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© Charles DAUGUET, Institut Pasteur
HIV particles
Publication : AIDS (London, England)

Comparison of early and late feline immunodeficiency virus encephalopathies

Scientific Fields
Diseases
Organisms
Applications
Technique

Published in AIDS (London, England) - 01 Apr 1992

Hurtrel M, Ganière JP, Guelfi JF, Chakrabarti L, Maire MA, Gray F, Montagnier L, Hurtrel B

Link to Pubmed [PMID] – 1319717

AIDS 1992 Apr;6(4):399-406

DESIGN: The study of the early and late stages of encephalopathy following infection by the feline immunodeficiency virus (FIV) was carried out with laboratory and naturally infected cats.

INTERVENTIONS: Animals infected experimentally were injected with three different isolates of the virus, administered either intracerebrally or intravenously, and sacrificed at 7 days, 1 and 6 months (intracerebral injection), and 2, 6 and 12 months (intravenous injection) post-inoculation, respectively.

CONCLUSIONS: General features of encephalopathy were found to be identical, regardless of the method of inoculation or the viral strain used. Moderate gliosis and glial nodules, sometimes associated with perivascular infiltrates and white matter pallor, were observed at 1 month (intracerebral injection) and 2 months (intravenous injection), and remained unchanged until 12 months post-inoculation. The fact that these initial stages are identical for intravenously and intracerebrally inoculated cats suggests that the virus enters the brain very quickly in intravenously infected animals. Encephalopathy in cats naturally infected with FIV only consisted of gliosis, glial nodules, white matter pallor, meningeal perivascular calcification and meningitis. These lesions were more frequent and more severe in the group coinfected with feline leukaemia virus and feline infectious peritonitis virus. Although multinucleated cells were rare, the strong similarities between HIV and simian immunodeficiency virus encephalopathies at comparable stages support the view that FIV infection may represent an interesting model for a physiopathological approach of HIV infection of the central nervous system.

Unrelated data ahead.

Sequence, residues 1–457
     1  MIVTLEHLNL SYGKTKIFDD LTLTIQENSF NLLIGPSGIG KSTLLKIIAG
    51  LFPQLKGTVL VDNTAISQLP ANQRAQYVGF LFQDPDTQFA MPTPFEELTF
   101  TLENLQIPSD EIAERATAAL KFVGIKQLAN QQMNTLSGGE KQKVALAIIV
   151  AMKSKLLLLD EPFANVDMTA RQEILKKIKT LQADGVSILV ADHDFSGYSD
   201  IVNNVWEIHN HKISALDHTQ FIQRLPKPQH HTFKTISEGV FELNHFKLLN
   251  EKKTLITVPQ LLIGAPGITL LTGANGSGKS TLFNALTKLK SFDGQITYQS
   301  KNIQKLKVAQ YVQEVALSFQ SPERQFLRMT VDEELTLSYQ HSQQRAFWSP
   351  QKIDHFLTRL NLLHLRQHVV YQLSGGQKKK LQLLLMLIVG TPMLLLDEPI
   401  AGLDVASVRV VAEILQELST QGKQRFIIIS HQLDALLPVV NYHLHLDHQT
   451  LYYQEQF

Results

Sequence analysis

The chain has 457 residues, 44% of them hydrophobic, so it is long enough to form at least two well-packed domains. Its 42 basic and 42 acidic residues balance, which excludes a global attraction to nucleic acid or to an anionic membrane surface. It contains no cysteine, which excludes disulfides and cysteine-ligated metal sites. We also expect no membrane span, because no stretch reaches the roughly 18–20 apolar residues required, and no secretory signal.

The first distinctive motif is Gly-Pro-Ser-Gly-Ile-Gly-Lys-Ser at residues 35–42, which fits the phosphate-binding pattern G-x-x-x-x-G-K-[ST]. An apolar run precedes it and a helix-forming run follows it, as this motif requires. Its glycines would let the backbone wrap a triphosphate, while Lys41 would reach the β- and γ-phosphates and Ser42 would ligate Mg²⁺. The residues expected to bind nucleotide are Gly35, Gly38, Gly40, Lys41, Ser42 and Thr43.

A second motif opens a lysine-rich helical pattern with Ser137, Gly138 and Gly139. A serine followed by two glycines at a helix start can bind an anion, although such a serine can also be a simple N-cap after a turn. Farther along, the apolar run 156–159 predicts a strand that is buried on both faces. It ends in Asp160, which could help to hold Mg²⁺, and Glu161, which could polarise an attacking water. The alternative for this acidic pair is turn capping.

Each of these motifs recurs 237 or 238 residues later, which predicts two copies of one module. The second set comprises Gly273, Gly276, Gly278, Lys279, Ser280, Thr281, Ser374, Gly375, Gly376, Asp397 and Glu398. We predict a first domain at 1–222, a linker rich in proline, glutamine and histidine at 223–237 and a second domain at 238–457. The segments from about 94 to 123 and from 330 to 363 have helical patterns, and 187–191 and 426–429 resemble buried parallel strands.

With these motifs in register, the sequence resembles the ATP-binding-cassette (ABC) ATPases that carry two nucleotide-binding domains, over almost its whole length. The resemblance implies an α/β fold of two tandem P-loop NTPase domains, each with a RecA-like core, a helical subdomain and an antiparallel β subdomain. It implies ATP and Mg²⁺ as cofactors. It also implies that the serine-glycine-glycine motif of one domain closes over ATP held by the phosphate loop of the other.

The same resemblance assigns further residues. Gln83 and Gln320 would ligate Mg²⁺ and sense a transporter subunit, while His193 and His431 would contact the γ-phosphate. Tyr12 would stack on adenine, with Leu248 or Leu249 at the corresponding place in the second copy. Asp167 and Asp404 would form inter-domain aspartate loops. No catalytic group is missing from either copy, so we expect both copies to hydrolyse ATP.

http://www.ncbi.nlm.nih.gov/pubmed/1319717